Ballard was the second-largest city in King County — with about 17,000 residents in 1906 — when troubles over the city’s water supply led to a historic vote to become annexed by the city of Seattle.
“The Ballard water system was no prize,” explains an entry in HistoryLink by Alan J. Stein. “An analysis of the water in 1908 found that it contained a large amount of decomposing organic matter, and that it was potable only if thoroughly boiled.”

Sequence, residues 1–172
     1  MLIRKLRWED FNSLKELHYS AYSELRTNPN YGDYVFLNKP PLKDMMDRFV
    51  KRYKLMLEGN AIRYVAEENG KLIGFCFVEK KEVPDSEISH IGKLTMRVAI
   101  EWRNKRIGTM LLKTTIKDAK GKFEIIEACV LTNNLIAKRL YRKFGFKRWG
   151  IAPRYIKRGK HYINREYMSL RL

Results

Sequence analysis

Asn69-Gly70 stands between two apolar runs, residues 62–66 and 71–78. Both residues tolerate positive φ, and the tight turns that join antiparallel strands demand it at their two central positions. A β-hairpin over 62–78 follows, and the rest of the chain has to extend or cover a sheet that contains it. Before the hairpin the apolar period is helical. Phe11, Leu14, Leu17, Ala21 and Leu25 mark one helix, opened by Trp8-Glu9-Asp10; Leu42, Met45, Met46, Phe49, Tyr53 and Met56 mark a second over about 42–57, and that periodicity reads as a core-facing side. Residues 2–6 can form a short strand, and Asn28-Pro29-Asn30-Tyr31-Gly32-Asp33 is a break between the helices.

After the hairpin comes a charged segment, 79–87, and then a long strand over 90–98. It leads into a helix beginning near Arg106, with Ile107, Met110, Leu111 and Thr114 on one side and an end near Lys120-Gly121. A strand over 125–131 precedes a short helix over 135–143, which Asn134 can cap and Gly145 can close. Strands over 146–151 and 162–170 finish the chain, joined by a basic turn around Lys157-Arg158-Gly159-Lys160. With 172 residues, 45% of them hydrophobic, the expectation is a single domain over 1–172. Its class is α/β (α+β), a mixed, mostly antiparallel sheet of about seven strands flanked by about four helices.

On annexation day, Ballard City Hall was draped in black. While city hall is now gone, the bell remains, hanging in the Old Ballard bell tower.
By the way, the annexation vote was somewhat close: 996 in favor to 874 against. That adds up to just 11% of the total population that voted.
(Photo from the Seattle Municipal Archives. Our earlier aerial photo, despite being date-stamped as 1900, was from a later era. Thanks to everyone for pointing this out.)